I know that this is not 100% travel-related, but for me a fair amount of my life goals are also travel goals! And if you forgive me this slight tangent, I hope that some of the things I have learnt about setting and achieving goals will help you on your path in life, whatever it might be.
“Shoot for the moon. Even if you miss, you will land among the stars.” – Brian Littrell
I am currently at my parents’ house, visiting my family for a few days before I start my new job. My old bedroom is still full of my stuff – the kind of stuff that I don’t need with any urgency, but which I nevertheless I want to keep. Old art projects, photo albums, books, a few childhood teddies, that kind of thing. And with complete selflessness, my parents have allowed me to keep it like that for the last six years, rather than turning it into a minimalist guest room.
Anyhow, as I was looking for something the other night, I came across my book of life goals. It is an A4 notebook, with a pretty butterfly cover. These details matter, I promise. I hadn’t forgotten about it completely, but it certainly hadn’t been at the forefront of my mind. As I leafed through the pages – begun in 2008 – I felt time folding up on itself, and suddenly, I was that girl of 20, wondering what to do with her life, standing in Paperchase in front of the notebooks and deciding on one in which to make a plan.
Inside were goals for education, work, travel and money. Set in 2008, reviewed yearly, with little updates jotted down, achievements noted. I wanted to graduate with a 2:1 degree, complete a PGCE and secure a full-time teaching job. I wanted to do some solo travelling, preferably to Africa. I wanted to keep travel journals and try and get a bit of writing published. I wanted to make sure I didn’t fall into debt and hopefully saved a little money. And I wanted to learn to scuba dive. Now, I can tick almost all of them off. In fact, the only things I haven’t done from my list are to learn how to scuba dive and to go to Africa. The degree, PGCE, solo travel and teaching career are all taken care of. It makes me stupidly happy to realise that I can achieve my goals. It wasn’t a waste of time buying that book, or writing those things down. Though I seriously need to step up the learning-to-scuba-dive effort.
I am not professing to be any expert on this, but if you just happen to be someone like me, who occasionally feels a little bit lost or disillusioned, these are my tips for setting and achieving goals.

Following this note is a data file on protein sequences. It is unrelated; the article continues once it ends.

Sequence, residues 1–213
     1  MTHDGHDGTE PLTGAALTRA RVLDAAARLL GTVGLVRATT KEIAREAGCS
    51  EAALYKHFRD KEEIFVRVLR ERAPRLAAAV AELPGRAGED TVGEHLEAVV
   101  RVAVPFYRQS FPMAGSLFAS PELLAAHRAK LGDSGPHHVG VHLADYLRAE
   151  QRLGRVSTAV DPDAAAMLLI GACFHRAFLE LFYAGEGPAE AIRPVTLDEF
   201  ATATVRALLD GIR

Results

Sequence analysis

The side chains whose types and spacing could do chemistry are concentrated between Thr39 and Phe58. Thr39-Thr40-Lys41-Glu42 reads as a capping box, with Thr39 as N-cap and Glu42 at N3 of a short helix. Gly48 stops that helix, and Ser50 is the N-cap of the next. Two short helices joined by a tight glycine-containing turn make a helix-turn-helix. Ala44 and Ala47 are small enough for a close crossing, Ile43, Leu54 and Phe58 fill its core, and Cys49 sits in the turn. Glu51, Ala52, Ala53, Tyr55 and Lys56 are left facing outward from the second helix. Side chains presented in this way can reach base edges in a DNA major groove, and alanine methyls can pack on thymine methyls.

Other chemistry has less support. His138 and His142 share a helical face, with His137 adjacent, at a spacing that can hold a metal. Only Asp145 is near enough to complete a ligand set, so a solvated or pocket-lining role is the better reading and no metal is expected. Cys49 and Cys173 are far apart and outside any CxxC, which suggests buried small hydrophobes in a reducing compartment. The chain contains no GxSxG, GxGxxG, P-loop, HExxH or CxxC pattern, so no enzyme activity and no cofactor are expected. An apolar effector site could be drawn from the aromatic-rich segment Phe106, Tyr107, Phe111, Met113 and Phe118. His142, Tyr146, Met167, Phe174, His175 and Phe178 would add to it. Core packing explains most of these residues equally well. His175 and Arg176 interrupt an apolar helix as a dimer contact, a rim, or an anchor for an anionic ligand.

1. Don’t be afraid to dream.
That sounds horribly cheesy, doesn’t it? But it’s important. I wrote the stars quote at the front of my book, as a kind of permission to write down the big things I wanted out of life. You need the courage to accept the dreams you have, even if they seem fantastical and remote, otherwise they have absolutely no chance of happening.
2. Buy a nice book.
Ok, if the first tip was cheesy, you may think that verges on the ridiculous. But there is something to be said for treating your life dreams – and therefore yourself – with respect. If you write down some of the most important things to you on a scrappy bit of paper, how much are you really valuing them? Go to Paperchase. Stand in front of the gorgeous notebooks and choose one that is really beautiful. While you’re there, buy a nice pen. One that writes smoothly and prettily. You know the type.
3. Write your dreams down.
Once you’ve acknowledged your dreams and bought the book, you need to actually commit your goals to paper, otherwise it is all too easy to let them slip away again and use that lovely book for shopping lists, or something.
4. Put the book away.
This may seem to fly in the face of what I’ve just said, but now you have to almost- but not quite – forget about it. If you leave the book somewhere highly visible, it will nag and taunt you on a daily basis. ‘You haven’t achieved anything yet,’ it will say. It will take time for your goals to come to fruition: four years, in my case. Once you have put your goals down on paper, your subconscious will get to work on them and you don’t need to worry too much.
5. Review your goals every year.
Or when something significant happens. Confront your goals. It doesn’t matter if you haven’t achieved them, or even if you no longer want to. They are not set in stone. However, if the goal still stands true and you have not made any progress towards it, the review gives you a chance to rethink your efforts. Of course, you can also adapt the original timescales you set yourself – it may be that you thought you could achieve something in two years, and now you realise it will take a bit longer. That’s absolutely fine.
6. Acknowledge the goals you have achieved, and unexpected things as well.
I never imagined I would do a ton of the things I have done in the last four years. Life will take you on all sorts of meanders and diversions, and it doesn’t mean you are not achieving anything; so acknowledge – in writing – what you have done. You are really quite an incredible person – celebrate that.
7. Set yourself new goals.
When you have achieved – or otherwise modified – most of your goals, it doesn’t mean you’re done. You’re even closer to the moon; things that once seemed utterly impossible are now within your reach. So go for it. Turn over a new page, grab that nice pen, and write some new goals. There is simply no limit to how high you can go.
If anything, this process has made me appreciate that I am even more committed to some things in my life than I was back then. Reading my goals, I can sense how tentative I was about travel writing – and even travelling. Now those two things are two of the most important to me. Now, if you’ll excuse me, I have to go and research trips to Africa and PADI courses. I hope this has been a little bit helpful for you.
Do you have any tips to share, or any goals you have achieved?